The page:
This article was striking because of the extremist language the sponsor Lancaster Newspapers editors used in socially conservative Lancaster County. According to the article, the Court’s delay “could mean aborting plans to build a convention center and luxury hotel in downtown Lancaster.” And High spokesman, Tom Smithgall, said in the same item: “They’ll [hoteliers] try to do anything they can to kill this project.” [emphasis added.]
Pickard backed off his “crisis” mentality at the July LCCCA meeting, vowing continuing support of convention center and saying there was “no plan to abandon the project.”
The Convention Center Authority and its supporters got the news they were waiting for on July 16, 2002. The State Supreme Court, in a 13-page ruling written by Chief Justice Stephen Zappela, affirmed Farina’s decision and rebuking the Commonwealth Court’s remanding the case back to the lower court.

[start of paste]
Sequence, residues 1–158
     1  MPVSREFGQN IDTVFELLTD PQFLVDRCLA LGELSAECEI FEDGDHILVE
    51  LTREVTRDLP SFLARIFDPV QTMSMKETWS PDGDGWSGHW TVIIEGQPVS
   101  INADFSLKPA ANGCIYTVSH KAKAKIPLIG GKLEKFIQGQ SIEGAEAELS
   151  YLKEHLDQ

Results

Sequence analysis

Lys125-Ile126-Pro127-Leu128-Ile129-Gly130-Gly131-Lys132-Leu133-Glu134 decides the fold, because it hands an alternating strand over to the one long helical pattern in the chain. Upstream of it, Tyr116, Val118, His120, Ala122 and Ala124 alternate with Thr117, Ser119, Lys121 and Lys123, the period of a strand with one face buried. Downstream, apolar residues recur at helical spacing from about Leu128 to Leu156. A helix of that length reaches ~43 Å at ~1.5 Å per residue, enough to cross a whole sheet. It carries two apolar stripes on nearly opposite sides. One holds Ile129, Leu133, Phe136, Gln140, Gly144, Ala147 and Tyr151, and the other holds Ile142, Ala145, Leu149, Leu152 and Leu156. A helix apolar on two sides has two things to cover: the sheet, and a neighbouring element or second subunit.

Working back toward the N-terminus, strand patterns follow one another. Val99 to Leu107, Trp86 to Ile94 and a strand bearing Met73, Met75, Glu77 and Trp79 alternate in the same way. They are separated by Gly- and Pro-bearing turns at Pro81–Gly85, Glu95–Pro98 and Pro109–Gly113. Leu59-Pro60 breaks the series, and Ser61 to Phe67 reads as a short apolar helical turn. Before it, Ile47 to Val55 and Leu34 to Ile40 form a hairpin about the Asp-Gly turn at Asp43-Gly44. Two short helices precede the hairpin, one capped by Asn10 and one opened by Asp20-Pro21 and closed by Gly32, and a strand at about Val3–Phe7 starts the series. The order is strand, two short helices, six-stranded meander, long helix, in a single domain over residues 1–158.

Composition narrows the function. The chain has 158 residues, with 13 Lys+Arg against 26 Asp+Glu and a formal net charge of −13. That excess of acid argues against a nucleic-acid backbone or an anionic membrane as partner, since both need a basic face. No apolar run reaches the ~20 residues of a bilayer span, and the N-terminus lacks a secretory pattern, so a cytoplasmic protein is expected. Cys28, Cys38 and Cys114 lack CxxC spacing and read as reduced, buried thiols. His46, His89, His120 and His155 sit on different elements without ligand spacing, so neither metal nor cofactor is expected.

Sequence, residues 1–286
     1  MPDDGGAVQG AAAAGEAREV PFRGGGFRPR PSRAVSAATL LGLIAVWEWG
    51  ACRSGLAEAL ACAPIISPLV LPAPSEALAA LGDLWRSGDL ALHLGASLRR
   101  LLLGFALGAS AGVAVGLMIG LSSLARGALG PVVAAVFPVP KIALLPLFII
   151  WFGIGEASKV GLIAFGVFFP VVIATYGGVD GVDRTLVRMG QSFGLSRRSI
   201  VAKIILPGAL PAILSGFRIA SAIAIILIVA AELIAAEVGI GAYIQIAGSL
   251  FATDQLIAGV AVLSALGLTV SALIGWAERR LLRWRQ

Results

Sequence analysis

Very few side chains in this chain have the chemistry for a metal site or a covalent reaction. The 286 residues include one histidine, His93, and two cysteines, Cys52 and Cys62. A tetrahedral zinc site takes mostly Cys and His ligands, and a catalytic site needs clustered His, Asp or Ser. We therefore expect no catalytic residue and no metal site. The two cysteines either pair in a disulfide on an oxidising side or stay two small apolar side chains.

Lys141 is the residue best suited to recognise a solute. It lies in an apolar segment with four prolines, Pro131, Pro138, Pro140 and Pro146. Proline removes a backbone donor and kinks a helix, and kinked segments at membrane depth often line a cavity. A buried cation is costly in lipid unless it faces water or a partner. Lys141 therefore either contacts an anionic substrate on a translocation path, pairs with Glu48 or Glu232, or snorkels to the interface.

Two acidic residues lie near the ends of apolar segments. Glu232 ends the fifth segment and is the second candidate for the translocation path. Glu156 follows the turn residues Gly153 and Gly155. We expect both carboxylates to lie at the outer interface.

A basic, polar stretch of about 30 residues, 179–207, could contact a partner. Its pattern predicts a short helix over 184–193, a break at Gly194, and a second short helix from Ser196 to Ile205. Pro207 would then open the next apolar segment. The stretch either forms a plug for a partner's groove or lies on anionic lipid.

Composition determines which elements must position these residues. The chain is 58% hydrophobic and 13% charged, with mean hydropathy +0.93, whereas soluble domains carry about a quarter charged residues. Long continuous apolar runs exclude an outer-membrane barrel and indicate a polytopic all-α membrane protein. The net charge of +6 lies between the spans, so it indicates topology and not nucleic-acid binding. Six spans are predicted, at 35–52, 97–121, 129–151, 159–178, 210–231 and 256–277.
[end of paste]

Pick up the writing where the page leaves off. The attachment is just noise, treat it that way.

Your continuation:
The lawsuit was not completely settled, however. The Supreme Court said there were remaining issues that should be decided by the appellate Commonwealth Court for an “expeditious review.” Those issues included whether the so-called ‘Armstrong Amendment’ was “special legislation” specifically intended to help only the Lancaster convention center project. The plaintiffs’ claim that the project had substantially changed in size, scope, and cost was also to be heard at the appellate court.
In the second week of September, 2002, both sets of lawyers went before the Commonwealth Court in Harrisburg. Three weeks after oral arguments were heard, on October 4, the Court returned its decision: Another complete victory for the Authority and sponsors of the project. The decision was unanimous.